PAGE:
The so-called “reorganization” of the programs at Mongstad means, however, that emissions will continue for the foreseeable future. Environmental activists were merciless in their condemnation of the Stoltenberg government’s failure to realize its ambitious carbon capture goals that were a vital part of efforts to reduce Norway’s high level of carbon emissions from its oil industy.

“We have been terribly fooled by this government,” Frederic Hauge of environmental organization Bellona told Norwegian Broadcasting (NRK). “This day will stand as a symbol of the government’s incompetence when it comes to climate technology.”

‘Day of shame’
Hauge said the shutdown at Mongstad was “one of the ugliest crash-landings I’ve seen,” with eight years of work down the drain. He added that he thought it was “day of shame” for Stoltenberg’s left-center government, which lost power in last week’s parliamentary election.

Lars Haltbrekken of Norway’s chapter of Friends of the Earth (Naturvernforbundet) had never had faith in the project and criticized the government’s deal with Statoil that allowed the company to start production at Mongstad without carbon capture from day one.

Silje Lundberg of the youth environmental group Natur og Ungdom called for shutting down the entire gas plant, to halt emissions. “It’s hair-raising that the government’s climate policies are so irresolute that they’re still letting the gas plant operate,” Lundberg told NRK. “It’s time to close down the whole mess.” Haltbrekken agreed.

Oil Minister Moe rejects criticism
Moe, as usual, wouldn’t accept the criticism. “Many will surely criticize the government’s goals and follow-through,” he told NRK, “but we can’t be criticized for being ambitious in trying to solve our time’s biggest problem.”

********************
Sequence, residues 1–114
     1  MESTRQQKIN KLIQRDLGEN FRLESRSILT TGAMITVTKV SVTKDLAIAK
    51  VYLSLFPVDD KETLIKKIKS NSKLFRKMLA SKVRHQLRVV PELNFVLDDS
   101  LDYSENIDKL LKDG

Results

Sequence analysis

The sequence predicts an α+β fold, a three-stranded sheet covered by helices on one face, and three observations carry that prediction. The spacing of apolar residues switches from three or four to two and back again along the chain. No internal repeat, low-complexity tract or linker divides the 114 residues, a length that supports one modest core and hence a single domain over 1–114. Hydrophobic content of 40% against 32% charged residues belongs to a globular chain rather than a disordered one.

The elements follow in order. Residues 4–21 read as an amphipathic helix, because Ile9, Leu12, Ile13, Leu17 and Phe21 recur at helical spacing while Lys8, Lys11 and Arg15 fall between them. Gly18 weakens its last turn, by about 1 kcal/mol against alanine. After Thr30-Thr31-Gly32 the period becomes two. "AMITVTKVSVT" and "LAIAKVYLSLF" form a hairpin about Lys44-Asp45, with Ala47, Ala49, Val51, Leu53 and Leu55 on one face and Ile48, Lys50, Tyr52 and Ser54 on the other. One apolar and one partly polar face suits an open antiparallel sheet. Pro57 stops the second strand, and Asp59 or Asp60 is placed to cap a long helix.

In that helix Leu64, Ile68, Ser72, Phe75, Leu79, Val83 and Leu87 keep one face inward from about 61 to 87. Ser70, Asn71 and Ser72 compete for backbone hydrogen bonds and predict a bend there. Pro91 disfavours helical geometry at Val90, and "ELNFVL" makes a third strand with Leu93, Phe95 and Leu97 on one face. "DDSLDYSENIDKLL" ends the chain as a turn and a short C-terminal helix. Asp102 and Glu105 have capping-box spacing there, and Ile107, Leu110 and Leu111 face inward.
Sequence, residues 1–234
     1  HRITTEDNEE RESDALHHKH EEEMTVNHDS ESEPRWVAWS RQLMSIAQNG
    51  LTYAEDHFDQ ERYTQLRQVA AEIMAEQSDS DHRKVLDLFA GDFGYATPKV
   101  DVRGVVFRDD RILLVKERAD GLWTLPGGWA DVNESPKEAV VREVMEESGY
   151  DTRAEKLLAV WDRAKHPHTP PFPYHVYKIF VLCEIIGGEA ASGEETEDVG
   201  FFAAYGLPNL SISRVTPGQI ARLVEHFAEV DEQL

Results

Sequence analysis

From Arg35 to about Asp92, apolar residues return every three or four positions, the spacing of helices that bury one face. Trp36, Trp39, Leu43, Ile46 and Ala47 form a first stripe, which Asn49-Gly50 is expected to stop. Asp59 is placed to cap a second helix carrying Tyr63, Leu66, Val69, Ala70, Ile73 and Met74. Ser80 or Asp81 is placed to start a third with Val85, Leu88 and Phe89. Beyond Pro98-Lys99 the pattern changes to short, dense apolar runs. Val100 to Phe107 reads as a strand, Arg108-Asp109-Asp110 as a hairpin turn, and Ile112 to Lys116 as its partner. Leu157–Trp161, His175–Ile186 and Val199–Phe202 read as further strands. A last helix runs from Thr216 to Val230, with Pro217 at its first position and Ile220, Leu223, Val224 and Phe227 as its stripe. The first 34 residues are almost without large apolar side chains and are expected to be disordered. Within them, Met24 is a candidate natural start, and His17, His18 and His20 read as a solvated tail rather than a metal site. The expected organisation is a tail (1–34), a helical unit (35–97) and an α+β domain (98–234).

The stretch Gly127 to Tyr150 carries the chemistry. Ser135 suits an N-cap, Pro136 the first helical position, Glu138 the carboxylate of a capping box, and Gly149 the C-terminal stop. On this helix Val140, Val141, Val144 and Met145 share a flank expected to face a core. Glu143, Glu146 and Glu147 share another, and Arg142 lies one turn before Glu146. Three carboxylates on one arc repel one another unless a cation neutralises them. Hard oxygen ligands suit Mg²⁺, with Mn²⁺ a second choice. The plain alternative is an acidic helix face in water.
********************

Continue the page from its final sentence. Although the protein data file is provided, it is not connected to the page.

That boils down to how Norway’s oil and gas industry continues to threaten the climate and the environment, with Norway’s per capita emissions high. Stoltenberg’s government has seemed much more keen to donate large sums of money to save rain forests and fund other countries’ efforts to cut emissions elsewhere in the world, than to seriously cut emissions at home in Norway.

The government’s decision to finally end its full-scale carbon capture efforts is also a major blow to coalition partner the Socialist Left (SV), which had been harshly criticized for going along with the decision to allow Mongstad to start up production without full-scale carbon capture. Environment Minister Bård Vegar Solhjell of SV tried to justify the decision announced Friday to end carbon capture efforts, saying “we are at a crossroads” and that the government had to “consider other possible projects that can be realized by 2020.” He gamely added that “we have gained valuable experience at Mongstad, which can be of use in other projects.”

The decision to drop the full-scale carbon capture comes after last week’s parliamentary elections, and was released on a Friday afternoon, a time often chosen by politicians and business leaders when they need to report bad news. It’s unlikely the matter will be forgotten, though, over the weekend. Berglund